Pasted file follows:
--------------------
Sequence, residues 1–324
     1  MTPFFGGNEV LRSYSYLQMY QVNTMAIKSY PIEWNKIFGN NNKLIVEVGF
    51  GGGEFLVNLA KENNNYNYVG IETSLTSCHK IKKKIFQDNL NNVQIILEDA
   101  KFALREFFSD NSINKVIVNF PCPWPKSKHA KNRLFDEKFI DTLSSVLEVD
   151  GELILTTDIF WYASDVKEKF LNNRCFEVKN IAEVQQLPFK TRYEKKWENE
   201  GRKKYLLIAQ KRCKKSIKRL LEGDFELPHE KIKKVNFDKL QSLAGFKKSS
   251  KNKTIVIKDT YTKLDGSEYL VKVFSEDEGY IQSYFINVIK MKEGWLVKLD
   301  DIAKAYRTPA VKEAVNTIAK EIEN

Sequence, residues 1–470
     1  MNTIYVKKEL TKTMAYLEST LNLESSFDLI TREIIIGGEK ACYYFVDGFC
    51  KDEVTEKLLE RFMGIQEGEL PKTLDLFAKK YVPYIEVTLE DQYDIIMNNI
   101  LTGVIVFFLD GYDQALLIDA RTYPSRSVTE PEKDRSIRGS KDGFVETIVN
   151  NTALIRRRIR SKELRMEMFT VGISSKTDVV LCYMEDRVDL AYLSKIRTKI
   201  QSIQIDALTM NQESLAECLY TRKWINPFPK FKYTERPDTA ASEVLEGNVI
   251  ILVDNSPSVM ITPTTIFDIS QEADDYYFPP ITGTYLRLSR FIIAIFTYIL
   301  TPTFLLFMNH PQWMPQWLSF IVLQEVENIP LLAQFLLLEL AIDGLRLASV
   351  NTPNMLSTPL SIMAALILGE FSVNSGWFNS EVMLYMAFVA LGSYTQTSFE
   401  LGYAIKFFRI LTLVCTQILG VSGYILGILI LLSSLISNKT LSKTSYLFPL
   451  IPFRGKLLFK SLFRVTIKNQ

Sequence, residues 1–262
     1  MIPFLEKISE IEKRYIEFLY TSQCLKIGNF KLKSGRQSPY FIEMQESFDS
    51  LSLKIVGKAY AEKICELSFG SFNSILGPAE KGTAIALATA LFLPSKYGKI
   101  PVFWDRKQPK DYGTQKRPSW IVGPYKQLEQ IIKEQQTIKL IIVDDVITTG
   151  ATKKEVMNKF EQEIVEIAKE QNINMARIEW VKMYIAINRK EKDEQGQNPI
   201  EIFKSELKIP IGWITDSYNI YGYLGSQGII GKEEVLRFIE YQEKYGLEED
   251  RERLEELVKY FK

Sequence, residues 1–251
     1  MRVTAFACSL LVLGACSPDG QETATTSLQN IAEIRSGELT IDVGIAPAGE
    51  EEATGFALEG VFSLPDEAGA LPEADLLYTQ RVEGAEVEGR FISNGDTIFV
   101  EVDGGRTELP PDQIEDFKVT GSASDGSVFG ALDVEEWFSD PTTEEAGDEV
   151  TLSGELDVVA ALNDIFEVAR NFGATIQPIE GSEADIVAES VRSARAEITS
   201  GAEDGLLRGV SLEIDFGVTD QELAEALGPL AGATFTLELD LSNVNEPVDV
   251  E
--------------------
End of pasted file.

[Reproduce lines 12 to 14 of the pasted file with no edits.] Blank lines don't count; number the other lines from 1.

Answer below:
   101  LTGVIVFFLD GYDQALLIDA RTYPSRSVTE PEKDRSIRGS KDGFVETIVN
   151  NTALIRRRIR SKELRMEMFT VGISSKTDVV LCYMEDRVDL AYLSKIRTKI
   201  QSIQIDALTM NQESLAECLY TRKWINPFPK FKYTERPDTA ASEVLEGNVI